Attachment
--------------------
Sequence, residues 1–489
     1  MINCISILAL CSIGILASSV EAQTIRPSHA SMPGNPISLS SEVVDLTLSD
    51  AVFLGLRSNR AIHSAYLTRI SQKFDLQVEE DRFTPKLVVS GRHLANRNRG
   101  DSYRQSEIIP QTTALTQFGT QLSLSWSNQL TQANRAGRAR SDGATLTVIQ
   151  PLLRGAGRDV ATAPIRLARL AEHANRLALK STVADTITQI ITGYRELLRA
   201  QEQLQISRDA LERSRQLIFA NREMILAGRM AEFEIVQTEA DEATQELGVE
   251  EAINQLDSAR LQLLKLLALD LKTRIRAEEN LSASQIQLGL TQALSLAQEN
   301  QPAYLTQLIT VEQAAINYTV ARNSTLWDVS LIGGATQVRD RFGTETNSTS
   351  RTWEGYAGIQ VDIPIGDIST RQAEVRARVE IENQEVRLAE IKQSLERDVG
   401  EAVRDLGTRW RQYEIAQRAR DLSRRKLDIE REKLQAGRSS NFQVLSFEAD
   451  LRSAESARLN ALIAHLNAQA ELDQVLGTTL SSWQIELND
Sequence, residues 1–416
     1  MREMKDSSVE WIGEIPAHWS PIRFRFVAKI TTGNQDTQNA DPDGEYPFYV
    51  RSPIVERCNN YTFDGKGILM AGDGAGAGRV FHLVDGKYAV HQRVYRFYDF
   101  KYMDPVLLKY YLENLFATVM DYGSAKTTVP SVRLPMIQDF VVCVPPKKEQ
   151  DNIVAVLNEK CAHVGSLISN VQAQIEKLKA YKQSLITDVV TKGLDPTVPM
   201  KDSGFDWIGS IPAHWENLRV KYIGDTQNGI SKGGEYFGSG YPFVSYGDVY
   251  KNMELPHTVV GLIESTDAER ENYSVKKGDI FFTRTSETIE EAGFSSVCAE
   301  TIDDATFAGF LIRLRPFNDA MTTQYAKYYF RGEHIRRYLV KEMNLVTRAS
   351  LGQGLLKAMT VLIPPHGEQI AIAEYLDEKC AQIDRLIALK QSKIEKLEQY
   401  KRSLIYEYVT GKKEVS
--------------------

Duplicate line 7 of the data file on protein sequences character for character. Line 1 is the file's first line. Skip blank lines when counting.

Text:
   251  EAINQLDSAR LQLLKLLALD LKTRIRAEEN LSASQIQLGL TQALSLAQEN